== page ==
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California AB 1925 May Allow Small Businesses to Avoid AB 5 Regulations

 Posted on March 25, 2020 in Employment Taxes

San Jose employment tax lawyer for independent contractorsBy now, you have probably already heard about the massive changes being instituted by California Assembly Bill 5 (AB 5). The legislation codifies California Supreme Court case Dynamex Operations West, Inc. v. Superior Court into law. In this landmark case, the court held that the majority of California workers should be classified as employees and therefore are entitled to receive all of the benefits and protections associated with employee classification. Employers must classify all workers as employees unless the worker meets certain criteria. A number of industries have criticized the new bill, stating that the strict rules will damage businesses as well as current independent contractors’ ability to make a living. California Assembly Bill 1925, which is currently being considered by the state legislature, includes a modification of the current California Labor Code that may provide relief from the strict regulations to certain businesses.

Overview of California AB 5

In order for California workers to be classified as independent contractors, they must meet the three elements listed in the following “ABC Test:”

  • (A) The worker performs services without the hiring agency’s direct control or instruction.
  • (B)  The worker accomplishes tasks that are not within the hiring agency’s usual course of business.
  • (C) The worker is involved in a private business or form of self-employment of the same type as that involved in the work performed for the hiring agency.

Several special interest groups have filed lawsuits against AB 5, saying that these regulations are too strict and that the law is unconstitutional. The trucking industry has been especially vocal in expressing concerns about how the law will affect truck drivers currently classified as independent contractors. Drivers cannot set their own schedule if they are forced to be classified as independent contractors, and trucking groups have argued that this violates the Interstate Commerce Clause of the Constitution. U.S. District Judge Roger Benitez has temporarily exempted trucking companies from AB 5 restrictions.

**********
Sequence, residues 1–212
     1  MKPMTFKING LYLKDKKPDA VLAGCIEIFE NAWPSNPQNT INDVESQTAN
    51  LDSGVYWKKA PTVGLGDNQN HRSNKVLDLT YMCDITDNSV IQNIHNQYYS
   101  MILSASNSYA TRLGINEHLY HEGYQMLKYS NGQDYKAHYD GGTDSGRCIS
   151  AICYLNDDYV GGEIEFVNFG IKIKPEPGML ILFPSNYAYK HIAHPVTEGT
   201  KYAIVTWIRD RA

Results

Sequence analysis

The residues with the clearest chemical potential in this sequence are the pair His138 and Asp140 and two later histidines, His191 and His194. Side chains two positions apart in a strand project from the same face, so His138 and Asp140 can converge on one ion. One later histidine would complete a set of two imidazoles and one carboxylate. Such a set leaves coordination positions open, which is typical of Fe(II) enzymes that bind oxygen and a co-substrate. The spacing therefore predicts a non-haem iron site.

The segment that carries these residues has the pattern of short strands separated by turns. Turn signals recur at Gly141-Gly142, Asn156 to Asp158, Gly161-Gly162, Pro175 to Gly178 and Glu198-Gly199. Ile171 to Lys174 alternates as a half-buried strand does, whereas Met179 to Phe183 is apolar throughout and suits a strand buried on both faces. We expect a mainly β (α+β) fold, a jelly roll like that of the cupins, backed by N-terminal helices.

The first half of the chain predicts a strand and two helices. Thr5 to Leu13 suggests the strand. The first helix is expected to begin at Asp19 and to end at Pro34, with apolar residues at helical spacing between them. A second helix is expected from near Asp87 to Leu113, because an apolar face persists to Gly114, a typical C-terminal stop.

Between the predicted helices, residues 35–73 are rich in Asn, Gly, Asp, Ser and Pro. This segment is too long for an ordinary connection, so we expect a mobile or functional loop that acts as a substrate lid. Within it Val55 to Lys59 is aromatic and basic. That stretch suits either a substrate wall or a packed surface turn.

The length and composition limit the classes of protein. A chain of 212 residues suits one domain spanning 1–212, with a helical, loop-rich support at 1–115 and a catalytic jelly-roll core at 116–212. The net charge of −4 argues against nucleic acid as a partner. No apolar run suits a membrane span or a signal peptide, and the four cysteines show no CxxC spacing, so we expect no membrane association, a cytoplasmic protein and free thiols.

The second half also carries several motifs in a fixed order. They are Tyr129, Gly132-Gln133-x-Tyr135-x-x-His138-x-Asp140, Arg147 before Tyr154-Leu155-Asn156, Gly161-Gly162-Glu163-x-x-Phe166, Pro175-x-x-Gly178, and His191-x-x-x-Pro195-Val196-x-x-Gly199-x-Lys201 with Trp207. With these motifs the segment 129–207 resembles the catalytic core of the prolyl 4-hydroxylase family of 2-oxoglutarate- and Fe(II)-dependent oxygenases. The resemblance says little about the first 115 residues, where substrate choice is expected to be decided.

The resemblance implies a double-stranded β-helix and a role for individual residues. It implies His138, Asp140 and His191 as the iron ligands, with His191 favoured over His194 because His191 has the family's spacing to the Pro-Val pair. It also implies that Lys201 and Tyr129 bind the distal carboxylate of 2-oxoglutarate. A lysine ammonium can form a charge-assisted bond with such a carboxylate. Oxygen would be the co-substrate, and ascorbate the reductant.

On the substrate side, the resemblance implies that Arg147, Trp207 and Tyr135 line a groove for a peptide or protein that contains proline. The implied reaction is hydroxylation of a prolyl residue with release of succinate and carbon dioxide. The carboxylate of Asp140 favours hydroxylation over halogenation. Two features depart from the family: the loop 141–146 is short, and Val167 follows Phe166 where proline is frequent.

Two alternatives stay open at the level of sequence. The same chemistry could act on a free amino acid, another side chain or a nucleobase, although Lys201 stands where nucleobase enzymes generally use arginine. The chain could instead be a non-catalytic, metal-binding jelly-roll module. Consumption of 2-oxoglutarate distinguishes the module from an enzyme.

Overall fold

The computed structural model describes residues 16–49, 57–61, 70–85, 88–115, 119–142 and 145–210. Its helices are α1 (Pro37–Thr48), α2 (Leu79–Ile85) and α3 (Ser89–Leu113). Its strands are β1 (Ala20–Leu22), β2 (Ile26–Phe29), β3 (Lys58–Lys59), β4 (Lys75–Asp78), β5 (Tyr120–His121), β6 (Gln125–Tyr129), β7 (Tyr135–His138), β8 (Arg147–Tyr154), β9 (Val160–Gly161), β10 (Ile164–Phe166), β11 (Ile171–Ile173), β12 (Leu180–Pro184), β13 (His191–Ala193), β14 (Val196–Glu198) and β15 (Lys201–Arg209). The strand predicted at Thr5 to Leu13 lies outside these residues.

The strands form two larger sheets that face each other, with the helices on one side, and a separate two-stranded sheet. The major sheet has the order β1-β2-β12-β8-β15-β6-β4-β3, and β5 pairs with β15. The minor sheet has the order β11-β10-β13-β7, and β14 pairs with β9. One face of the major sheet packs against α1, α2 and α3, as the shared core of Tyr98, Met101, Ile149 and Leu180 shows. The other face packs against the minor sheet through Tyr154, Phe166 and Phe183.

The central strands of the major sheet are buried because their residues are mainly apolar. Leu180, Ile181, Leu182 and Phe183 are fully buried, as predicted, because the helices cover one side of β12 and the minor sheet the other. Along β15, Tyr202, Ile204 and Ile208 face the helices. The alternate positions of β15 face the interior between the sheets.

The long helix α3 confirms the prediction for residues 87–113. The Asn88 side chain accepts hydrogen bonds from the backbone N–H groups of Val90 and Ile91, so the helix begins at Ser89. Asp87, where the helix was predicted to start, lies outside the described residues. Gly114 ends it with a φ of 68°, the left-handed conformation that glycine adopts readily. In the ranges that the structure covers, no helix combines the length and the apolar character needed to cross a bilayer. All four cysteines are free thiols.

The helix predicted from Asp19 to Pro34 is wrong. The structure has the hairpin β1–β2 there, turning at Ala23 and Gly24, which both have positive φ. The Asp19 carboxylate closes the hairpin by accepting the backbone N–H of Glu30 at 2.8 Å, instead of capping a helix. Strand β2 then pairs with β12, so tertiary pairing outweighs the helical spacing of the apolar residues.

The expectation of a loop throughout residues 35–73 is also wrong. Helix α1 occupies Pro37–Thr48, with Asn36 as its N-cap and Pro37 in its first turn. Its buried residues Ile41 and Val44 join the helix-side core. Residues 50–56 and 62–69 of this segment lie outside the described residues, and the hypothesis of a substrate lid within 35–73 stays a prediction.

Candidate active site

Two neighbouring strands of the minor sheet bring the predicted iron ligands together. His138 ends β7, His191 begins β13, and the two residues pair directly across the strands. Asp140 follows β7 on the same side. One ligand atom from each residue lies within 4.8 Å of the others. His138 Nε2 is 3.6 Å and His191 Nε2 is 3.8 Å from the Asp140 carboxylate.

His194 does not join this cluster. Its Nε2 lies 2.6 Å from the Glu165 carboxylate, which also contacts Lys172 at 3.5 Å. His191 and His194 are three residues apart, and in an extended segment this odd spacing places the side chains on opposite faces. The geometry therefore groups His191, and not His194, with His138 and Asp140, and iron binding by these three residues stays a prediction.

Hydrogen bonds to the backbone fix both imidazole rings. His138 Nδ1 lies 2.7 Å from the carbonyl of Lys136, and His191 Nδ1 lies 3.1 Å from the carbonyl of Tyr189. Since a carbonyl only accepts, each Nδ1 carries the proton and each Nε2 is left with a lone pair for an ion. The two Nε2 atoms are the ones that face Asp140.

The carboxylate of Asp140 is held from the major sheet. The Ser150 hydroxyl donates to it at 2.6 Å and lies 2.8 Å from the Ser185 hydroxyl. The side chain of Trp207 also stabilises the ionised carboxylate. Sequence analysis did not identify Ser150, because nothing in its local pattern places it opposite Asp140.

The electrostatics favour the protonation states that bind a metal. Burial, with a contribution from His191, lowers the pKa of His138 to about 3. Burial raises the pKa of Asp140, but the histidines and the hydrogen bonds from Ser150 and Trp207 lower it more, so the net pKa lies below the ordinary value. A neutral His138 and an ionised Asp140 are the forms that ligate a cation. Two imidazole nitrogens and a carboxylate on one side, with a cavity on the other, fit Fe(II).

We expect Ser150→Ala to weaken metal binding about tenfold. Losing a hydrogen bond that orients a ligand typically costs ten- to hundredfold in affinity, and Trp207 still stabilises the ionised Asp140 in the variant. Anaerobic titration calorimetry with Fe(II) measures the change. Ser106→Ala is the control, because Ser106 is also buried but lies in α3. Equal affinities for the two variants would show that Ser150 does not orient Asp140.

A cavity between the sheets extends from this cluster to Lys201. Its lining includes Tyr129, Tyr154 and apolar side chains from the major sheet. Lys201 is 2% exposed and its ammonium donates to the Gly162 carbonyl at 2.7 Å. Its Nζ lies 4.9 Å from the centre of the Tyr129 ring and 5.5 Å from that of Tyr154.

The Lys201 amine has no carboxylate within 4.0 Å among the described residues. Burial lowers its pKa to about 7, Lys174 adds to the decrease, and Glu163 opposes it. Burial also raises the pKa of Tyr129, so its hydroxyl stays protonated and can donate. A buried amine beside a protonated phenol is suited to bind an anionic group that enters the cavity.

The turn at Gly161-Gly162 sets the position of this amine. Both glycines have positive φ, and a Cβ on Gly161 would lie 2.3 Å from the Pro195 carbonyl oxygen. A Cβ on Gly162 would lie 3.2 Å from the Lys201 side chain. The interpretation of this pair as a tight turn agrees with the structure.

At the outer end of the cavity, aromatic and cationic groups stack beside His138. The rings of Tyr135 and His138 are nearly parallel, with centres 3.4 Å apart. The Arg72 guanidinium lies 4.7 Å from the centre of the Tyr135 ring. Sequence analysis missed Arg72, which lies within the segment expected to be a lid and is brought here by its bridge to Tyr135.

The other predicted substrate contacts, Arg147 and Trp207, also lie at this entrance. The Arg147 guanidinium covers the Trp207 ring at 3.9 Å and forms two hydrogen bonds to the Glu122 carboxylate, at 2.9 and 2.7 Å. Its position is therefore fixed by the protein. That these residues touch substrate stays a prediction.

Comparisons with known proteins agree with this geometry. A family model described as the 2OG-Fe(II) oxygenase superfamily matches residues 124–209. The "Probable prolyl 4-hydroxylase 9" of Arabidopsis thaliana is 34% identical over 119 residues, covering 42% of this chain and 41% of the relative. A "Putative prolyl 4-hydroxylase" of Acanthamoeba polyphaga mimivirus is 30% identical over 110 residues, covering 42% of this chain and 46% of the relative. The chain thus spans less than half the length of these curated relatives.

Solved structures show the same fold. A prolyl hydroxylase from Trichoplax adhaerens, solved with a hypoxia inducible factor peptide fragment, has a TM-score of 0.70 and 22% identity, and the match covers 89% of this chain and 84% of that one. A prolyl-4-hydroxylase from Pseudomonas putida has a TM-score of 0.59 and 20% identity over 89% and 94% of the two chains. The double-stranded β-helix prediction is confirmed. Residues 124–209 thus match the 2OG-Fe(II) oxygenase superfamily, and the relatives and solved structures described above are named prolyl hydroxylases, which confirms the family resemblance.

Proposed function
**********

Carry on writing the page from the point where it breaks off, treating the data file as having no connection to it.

AB 1925 May Help Small Businesses Gain Exemption From AB 5

Trucking companies are not the only businesses worried about the consequences of AB 5. Many small business owners who are worried about worker classification support the amendments to AB 5 contained in Assembly Bill 1925. This bill would allow certain small businesses to be exempt from AB 5 regulations. Small businesses are defined as those that:

  • Have fewer than 100 employees
  • Are independently owned and operated
  • Are not dominant in their fields of operation
  • Have an average gross revenue of $15,000,000 or less over the past 3 years

Contact a California Business Lawyer

Many business owners who employ independent contractors are very concerned about how AB 5 worker classification rules will impact their businesses. Misclassifying workers can lead to major IRS penalties and a range of other negative consequences. For help with worker classification, independent contractor agreements, tax concerns, and more, contact John D. Teter Law Offices. Schedule a confidential consultation with a San Jose employment tax attorney by calling our office today at 408-866-1810.


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